But don’t worry, Wasteland 3 isn’t all doom and gloom. Much like Fallout, the game’s stuffed with dark humour. Even if it’s just a murderous bandit making scared farting sounds as you close in on his position, Wasteland 3 will make you crack a smile at some point. It may force you into making morally reprehensible decisions every now and then, but the game definitely knows how to have fun. Case in point: there’s a cult that worships former US president Ronald Reagan, and you can probably imagine how your interactions with that particular faction pan out.
Speaking of factions, there are times when you’ll have to choose sides in Wasteland 3, and these moments have lasting effects on the world and how you interact with it. You’re free to carve out a path for the newly formed Colorado Rangers, and seeing how it all unfolds is what makes Wasteland 3 so captivating.
Of course, diplomacy isn’t always an option. You can be the most charming, persuasive Ranger in existence, but bullets are the only language that rabid cannibals will understand. Combat in Wasteland 3 is comparable to XCOM’s tactical shootouts; fights are turn based and take place on a grid. You can take cover, fire off abilities, and curse at your characters when they somehow miss a shot that promised 95 per cent accuracy.
Battles are strategic but punchy. Enemies boast over-the-top death animations, and blowing them to bits with a well placed grenade or rocket is always satisfying. There is a lot of nuance to combat if you go looking for it — especially when you start unlocking specialised abilities for each member of your squad — but it’s generally quite a straightforward system. It’s also worth mentioning that Wasteland 3 offers up a range of difficulty options — the easiest of which allows you to muscle through most fights.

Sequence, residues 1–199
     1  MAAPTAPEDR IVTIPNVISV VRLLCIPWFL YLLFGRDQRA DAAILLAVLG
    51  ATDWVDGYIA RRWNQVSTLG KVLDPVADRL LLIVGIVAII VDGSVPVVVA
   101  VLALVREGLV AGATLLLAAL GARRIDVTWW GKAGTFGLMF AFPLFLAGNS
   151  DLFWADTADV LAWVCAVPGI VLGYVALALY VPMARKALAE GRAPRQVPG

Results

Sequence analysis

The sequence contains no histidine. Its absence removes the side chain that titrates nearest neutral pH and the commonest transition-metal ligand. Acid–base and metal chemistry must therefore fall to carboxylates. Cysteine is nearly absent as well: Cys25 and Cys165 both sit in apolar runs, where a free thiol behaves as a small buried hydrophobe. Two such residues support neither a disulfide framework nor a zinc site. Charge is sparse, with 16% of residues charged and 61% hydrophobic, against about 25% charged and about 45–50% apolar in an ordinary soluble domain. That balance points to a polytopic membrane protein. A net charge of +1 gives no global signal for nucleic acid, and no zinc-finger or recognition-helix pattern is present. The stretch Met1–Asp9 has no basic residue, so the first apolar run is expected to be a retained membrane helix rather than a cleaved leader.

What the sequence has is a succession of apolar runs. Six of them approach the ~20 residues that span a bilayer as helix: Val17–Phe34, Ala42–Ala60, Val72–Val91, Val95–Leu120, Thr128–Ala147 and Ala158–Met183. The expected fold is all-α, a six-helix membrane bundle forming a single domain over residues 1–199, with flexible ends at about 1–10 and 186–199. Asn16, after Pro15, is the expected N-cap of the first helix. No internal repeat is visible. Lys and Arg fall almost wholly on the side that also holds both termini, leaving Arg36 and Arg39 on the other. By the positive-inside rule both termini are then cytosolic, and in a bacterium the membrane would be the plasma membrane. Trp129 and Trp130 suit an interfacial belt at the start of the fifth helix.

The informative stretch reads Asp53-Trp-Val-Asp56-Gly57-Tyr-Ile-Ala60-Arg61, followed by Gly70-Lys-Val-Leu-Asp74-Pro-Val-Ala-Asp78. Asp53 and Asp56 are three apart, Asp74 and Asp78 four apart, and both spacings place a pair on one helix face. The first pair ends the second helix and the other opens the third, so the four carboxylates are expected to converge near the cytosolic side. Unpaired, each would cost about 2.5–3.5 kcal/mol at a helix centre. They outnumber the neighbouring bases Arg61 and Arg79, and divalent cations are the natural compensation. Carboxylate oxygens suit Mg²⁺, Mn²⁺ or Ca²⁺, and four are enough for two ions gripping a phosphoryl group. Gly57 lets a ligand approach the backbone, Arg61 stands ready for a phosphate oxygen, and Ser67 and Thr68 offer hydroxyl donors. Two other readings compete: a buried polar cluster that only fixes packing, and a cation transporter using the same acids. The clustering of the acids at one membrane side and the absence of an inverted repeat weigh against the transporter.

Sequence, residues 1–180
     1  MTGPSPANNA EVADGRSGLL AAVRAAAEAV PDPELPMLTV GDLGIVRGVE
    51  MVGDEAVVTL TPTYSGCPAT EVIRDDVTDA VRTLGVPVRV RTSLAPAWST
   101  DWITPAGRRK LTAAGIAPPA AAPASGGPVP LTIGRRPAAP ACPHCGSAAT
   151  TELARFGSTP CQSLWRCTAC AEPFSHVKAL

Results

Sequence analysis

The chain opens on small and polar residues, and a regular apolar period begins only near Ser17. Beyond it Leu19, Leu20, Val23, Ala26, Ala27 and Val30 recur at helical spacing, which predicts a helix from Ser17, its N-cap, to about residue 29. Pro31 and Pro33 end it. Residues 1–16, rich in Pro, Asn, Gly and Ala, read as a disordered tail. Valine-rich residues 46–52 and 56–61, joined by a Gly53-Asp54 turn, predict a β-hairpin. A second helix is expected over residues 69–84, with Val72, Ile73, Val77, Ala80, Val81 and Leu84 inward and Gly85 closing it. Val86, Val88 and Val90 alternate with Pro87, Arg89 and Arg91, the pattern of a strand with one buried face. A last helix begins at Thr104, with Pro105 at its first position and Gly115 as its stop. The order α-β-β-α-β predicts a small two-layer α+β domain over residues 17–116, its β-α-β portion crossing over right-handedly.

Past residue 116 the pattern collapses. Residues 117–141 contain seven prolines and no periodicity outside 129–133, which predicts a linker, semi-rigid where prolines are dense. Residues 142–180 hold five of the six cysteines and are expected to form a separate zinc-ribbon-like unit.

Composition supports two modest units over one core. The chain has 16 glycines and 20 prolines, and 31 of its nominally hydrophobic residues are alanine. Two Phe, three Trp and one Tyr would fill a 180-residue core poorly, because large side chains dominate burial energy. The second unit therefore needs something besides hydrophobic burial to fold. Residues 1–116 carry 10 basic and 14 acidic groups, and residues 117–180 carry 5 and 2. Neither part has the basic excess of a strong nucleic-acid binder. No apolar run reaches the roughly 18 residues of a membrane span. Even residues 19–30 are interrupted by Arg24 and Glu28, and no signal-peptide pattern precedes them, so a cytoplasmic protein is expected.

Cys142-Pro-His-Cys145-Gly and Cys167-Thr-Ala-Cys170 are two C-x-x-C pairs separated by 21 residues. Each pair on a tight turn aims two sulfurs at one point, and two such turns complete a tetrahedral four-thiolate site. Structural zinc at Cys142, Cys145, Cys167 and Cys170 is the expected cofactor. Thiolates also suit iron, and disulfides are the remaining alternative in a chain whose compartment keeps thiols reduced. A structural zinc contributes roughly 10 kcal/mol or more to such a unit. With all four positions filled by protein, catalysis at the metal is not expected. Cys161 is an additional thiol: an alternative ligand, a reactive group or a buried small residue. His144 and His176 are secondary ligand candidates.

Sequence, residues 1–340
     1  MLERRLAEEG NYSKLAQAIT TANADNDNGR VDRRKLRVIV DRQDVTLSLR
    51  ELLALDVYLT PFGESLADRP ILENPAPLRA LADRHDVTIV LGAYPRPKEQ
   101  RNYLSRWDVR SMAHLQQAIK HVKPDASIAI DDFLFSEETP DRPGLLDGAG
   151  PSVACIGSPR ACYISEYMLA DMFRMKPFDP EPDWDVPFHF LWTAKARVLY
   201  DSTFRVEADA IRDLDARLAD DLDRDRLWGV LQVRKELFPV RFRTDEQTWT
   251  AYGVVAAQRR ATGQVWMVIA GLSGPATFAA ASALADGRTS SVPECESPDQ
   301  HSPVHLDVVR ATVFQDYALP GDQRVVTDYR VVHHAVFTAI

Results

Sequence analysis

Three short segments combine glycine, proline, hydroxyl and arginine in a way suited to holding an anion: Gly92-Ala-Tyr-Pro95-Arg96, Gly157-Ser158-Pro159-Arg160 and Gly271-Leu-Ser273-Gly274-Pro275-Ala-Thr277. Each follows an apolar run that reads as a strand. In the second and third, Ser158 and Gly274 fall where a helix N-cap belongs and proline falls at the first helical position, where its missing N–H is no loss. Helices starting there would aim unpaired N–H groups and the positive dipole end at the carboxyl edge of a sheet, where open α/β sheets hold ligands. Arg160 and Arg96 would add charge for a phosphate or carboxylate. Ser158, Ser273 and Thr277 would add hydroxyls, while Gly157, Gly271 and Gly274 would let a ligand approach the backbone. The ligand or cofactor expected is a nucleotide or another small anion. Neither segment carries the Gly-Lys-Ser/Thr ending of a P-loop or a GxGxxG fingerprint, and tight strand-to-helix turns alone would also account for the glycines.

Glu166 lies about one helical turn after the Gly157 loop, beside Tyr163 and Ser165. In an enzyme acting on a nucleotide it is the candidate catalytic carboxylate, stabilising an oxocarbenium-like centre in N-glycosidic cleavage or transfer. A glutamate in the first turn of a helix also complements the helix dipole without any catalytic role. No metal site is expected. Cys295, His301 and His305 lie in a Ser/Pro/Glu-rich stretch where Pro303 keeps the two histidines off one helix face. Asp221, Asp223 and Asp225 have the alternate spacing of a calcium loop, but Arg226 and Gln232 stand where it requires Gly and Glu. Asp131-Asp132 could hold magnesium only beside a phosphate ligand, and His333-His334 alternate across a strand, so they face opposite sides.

Our only complaint with combat is that it’s sometimes difficult to keep track of everything. Your screen can become a real mess of mutated limbs once you’ve got a full eight-man squad, and although the game’s biggest battles often boast the greatest level of tactical depth, actually coordinating your team can take some serious squinting.
All in all, though, combat in Wasteland 3 is a blast. Scraping a victory by the skin of your teeth with a last ditch, low accuracy attack feels amazing. And growing your squad bit by bit, investing in different stats, skills, and perks, is a really rewarding process.
But for everything that Wasteland 3 gets right, it’s a shame that the game feels so janky on PS4. The jank doesn’t outright ruin the experience, but you’re always on the lookout for bugs and other minor annoyances. We also ran into a few crashes during our time with the game, but a number of post-launch patches seem to have made things more stable. Between Wasteland and Fallout, we’re beginning to wonder whether general bugginess is just a post-apocalyptic trope.
Oh, and in case you didn’t know, Wasteland 3 features online co-op for two players, each of you assuming the role of a custom Ranger. The lack of local co-op is a bit of a bummer, but setting up an online session is easy enough. Unfortunately, the bugs really start to ramp up when you’re playing alongside a friend, to the point where we wonder whether co-op was pretty much an afterthought. Broken dialogue, frame rate issues, and various connection problems plague the online portion of this release, but really, we imagine that most players won’t want to share such an in-depth adventure to begin with.
Wasteland 3 is a fantastic post-apocalyptic RPG. Great writing, satisfying, tactical combat, and a world full of memorable characters and meaningful player choice make this a no-brainer for fans of the genre. If you can look past the bugs, there’s so much to love about this deliciously dark humoured excursion.